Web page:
a Deeper Look

Hear the stories behind the photos…


by Colby, age 10, Boston, MA

“This tree is like me because it looks like it’s been through some tough times, but it’s growing from them… just like me.”

Set Me Free (in memory of Grampy)

by Colby, age 9, Boston, MA

Light at the End of The Tunnel

In memory of Mady, age 13, Los Angeles, CA


“I wanted to show how I wore wigs because of my cancer. Many people who have cancer lose their hair and sometimes they wear wigs to make them more confident. I find this photo inspiring because I want people with cancer to be comfortable with how they look. This photo also tells me that sometimes when you get cancer you might start having low self-esteem.”


“It’s essential for me to advocate my cancer story because I feel like cancer has a lot of assumptions about it and everyone honestly has their own story and their own experience. I think photography is the best way for me and others to show their story.”

My Different Personalities

by Tessa, age 16, Los Angeles, CA

Winging It

by Tessa, age 16, Los Angeles, CA


by Shay, age 19, New York City, NY

“This is my scar. This is the first and only photo that exists of it. When I was younger, I hated my scar. I hated people’s constant curiosity over what it was. The constant question of what happened to you there? I never wore tank tops, no matter how hot it was outside, and if I needed to purchase a dress, I would make sure that it had at least one sleeve and it would cover the scar. Then, my freshman year of high school on my train commute back home, I noticed this lady who sat in front of me with a port-a-cath scar, wearing it proudly, it wasn't the scar wearing her. She looked so beautiful and brave. Now, I realize I do too.”

They're Just Like Candy

by Cindy, age 22, New York City, NY

My Therapy

by Hany, age 15, Los Angeles, CA

“This is a self-portrait of me making bracelets, one of my favorite hobbies. When I was in the hospital, making bracelets was one of my therapies to recover the strength in my hands.”

Hope in Friendship

by Phillip, age 17, San Francisco, CA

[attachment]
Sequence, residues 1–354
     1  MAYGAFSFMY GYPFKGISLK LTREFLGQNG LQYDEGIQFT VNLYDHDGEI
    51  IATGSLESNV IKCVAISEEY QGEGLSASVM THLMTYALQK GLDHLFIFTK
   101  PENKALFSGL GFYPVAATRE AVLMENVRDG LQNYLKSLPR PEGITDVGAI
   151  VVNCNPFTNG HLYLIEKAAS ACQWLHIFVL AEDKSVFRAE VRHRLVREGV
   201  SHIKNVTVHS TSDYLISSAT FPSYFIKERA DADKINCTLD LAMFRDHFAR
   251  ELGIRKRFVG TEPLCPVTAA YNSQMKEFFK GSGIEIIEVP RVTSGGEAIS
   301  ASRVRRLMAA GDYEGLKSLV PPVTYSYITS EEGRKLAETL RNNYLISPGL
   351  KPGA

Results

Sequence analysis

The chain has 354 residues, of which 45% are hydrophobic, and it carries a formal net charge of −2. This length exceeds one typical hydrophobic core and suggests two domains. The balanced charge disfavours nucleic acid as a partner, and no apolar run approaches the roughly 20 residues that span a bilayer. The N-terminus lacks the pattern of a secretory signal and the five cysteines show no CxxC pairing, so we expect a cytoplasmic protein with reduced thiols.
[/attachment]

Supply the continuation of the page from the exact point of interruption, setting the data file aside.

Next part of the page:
by Kevin, age 6, New York City, NY


by Jack, age 6, New Orleans, Louisiana


by Melvin, age 10, Denver, CO

“I didn’t want to have a normal pose. I had some glasses near me and wanted to put them on to make me not look boring. This picture means that even if you’re going through cancer, you can still be normal and do anything that you set your mind to.”

“I sympathize with this image so much because it's taught me to look at people in a different way. We all go through challenging moments in our lives. Those challenging moments are what connect us. It's humbling to see people overcoming their battles and continuing to survive.”

Miraculous Cures at St. Roch

by Juliett, age 14, New Orleans, Louisiana

The Unknown

by Tia, age 25, Los Angeles, CA

“My story is one of the unknown. Life is full of unknowns, and so I can say that I know nothing. That is the hard part. However, I am learning that it is okay to be around the unknown, even if it is scary. The unknown can be different for everyone. For me, I knew what cancer was, but I did not know what it would mean after. Would I survive or not survive? It was a 50% chance one way or the other. And if I survived, what was waiting for me?

I want people who share these feelings so that others know it is okay. I also want to show that the unknown can be beautiful.”

Sujay standing in front of a wall of photos

"I am an artist passionate in both fine art and photography. I find that my favorite pieces involve nature, movement, and the abstract. In every photograph, I hope to share an instantaneous experience of mine with others."

The Ascent

by Sujay, age 17, Los Angeles, CA

"While life may have you stuck in the ditches, there is always a way back up."

Cup of Me

by Ciara, age 13, Boston, MA


"The best thing about Shutterbugs is not only the fun, but seeing things in a different perspective. And always when I go out I bring my camera and never leave the house without it. Thank you for looking at my photo and helping kids like me!"

Light Tunnel

by Tessa L., age 8, Seattle, WA

Hanging On

by Kaela, age 18, Akron, Ohio

“I’ve had brain cancer since I was 17. I’ve had several surgeries and been through chemo. Right now my tumors are considered stable. I’m still fighting this every day. I will beat this!! After everything I’ve been through, hanging on to hope and positivity is important. I often say that in your struggle you find strength”

100% of proceeds from every print sold directly funds Pablove’s childhood cancer research grants program.